Henderson County, Kentucky Community
In the early 1880s the village, now known as Anthoston, was officially called Bloomington. It had a first-class general store, a medical doctor, a Negro church, a school and a saloon. In 1884, when the community applied for a post office, it learned that Kentucky already had a town called Bloomington.
Dr. H. H. FARMER, a resident, was a Greek scholar, so he translated the "Blooming" into Greek getting "anthos" and produced "Anthoston", poetically translated "city of flowers."
Dr. FARMER was Anthoston's most colorful citizen. He held a degree in medicine and had practiced in Henderson for several years, but could not stand to watch suffering or death, so quit is practice and moved to his farm.
He served the county as magistrate, assessor, and county school supervisor and, in 1891, was the county's representative at the state's last Constitutional Convention.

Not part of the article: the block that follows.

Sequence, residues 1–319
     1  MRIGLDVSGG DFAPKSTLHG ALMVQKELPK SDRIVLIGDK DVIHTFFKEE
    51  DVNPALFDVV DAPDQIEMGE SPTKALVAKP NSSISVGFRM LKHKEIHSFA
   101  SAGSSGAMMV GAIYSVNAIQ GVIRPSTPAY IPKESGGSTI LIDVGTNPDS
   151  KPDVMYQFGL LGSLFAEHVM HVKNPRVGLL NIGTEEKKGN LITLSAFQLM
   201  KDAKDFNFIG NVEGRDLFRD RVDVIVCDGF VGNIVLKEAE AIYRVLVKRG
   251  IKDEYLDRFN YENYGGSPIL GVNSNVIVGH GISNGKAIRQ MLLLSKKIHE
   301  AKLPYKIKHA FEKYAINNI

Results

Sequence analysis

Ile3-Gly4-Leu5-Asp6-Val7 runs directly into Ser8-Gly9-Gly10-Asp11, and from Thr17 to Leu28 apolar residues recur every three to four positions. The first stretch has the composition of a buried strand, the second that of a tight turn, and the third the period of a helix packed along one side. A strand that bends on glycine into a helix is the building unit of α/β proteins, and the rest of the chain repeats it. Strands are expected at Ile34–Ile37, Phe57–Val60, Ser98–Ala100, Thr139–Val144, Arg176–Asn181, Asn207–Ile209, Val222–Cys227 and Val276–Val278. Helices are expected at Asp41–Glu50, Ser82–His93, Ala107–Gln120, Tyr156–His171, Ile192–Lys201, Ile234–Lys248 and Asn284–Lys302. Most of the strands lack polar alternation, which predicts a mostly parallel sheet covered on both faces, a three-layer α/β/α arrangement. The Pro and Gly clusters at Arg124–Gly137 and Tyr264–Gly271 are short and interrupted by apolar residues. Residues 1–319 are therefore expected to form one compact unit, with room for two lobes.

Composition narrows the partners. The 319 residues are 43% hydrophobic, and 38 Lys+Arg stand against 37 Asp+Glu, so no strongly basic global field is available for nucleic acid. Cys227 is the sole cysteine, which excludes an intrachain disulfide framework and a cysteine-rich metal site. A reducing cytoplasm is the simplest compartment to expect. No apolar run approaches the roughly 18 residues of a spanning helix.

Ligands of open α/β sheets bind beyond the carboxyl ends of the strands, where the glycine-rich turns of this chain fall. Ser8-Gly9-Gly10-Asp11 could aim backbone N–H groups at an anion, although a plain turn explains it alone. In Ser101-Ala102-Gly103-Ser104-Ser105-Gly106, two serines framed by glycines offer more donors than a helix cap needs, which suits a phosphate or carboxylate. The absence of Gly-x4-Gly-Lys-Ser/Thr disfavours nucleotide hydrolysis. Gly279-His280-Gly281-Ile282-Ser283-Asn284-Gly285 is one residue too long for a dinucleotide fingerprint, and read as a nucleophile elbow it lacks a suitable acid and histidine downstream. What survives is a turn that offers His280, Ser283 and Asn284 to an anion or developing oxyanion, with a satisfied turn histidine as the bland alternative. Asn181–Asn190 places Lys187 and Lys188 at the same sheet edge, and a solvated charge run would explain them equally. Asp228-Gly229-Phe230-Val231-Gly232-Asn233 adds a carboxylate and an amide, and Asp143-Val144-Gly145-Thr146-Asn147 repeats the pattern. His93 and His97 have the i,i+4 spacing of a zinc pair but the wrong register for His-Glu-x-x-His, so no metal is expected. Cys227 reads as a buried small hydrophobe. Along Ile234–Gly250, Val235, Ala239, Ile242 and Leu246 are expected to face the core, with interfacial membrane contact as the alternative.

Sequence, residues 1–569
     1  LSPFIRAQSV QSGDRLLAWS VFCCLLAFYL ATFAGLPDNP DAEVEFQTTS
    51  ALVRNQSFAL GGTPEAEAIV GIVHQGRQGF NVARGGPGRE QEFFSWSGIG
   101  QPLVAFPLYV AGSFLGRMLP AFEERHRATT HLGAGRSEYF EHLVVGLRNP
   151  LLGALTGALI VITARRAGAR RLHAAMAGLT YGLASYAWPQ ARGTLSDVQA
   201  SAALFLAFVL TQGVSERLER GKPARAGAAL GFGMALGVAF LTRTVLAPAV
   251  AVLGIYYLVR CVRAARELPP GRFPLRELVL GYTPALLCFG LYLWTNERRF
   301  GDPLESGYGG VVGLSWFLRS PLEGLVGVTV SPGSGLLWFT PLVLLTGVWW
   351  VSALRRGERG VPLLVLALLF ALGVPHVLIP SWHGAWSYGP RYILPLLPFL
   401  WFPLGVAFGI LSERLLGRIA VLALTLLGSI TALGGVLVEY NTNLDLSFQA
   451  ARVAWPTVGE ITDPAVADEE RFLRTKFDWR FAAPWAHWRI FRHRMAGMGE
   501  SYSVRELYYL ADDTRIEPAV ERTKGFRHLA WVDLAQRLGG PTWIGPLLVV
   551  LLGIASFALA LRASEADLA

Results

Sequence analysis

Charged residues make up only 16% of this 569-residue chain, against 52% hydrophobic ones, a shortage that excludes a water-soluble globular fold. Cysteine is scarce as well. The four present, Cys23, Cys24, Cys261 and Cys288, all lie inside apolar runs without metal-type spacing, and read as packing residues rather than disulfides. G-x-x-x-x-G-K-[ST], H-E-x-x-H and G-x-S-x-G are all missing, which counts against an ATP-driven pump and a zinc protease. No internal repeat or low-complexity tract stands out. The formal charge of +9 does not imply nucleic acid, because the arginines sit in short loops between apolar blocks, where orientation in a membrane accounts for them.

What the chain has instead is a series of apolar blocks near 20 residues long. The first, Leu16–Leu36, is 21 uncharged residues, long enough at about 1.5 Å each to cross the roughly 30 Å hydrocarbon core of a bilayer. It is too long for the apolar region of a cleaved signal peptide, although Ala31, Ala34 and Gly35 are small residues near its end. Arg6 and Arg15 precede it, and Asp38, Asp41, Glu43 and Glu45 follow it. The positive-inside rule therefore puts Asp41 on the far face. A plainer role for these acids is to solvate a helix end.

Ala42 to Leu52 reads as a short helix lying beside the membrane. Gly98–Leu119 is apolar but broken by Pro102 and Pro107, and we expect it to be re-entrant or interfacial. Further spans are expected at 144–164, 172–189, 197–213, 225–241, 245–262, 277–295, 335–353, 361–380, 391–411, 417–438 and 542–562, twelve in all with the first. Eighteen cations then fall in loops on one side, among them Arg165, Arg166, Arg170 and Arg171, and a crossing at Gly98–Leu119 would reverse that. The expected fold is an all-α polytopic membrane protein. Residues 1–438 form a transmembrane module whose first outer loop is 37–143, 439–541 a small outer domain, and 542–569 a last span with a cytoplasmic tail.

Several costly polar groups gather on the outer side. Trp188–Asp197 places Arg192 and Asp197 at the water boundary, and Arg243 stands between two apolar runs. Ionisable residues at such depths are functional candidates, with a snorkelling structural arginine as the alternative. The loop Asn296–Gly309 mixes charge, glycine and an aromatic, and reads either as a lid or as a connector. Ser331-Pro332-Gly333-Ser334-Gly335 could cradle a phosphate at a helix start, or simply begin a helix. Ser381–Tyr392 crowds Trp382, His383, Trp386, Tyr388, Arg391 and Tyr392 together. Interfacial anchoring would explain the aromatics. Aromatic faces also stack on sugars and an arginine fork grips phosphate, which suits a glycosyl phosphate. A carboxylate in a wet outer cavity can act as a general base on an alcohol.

He had a cousin, also a Greek scholar, who visited the FARMER household frequently. The two men irritated their women folk by conversing in Greek at the dinner table!
In 1882, Dr. FARMER deeded a plot of land to the community for a church. The building was erected a short time later and for some seven years was non-denominational and served preachers of various faiths.
In 1889, the Bellfield Baptist Church was organized and continued to use the original building until the 1940s when a new building was erected. The origin of the name "Bellfield" is vague, but is probably due to the existence of an old "Bell Cemetery" and a spring called by that name.
Following the pattern of other villages, Anthoston has lost its stores, doctor and post office, but its church continues to grow. With a membership of about 300, it has built a new sanctuary, a parsonage, and sponsored a mission at Mason's Landing which has grown into a self-supporting church.
History of Henderson County, Kentucky by Dannheiser &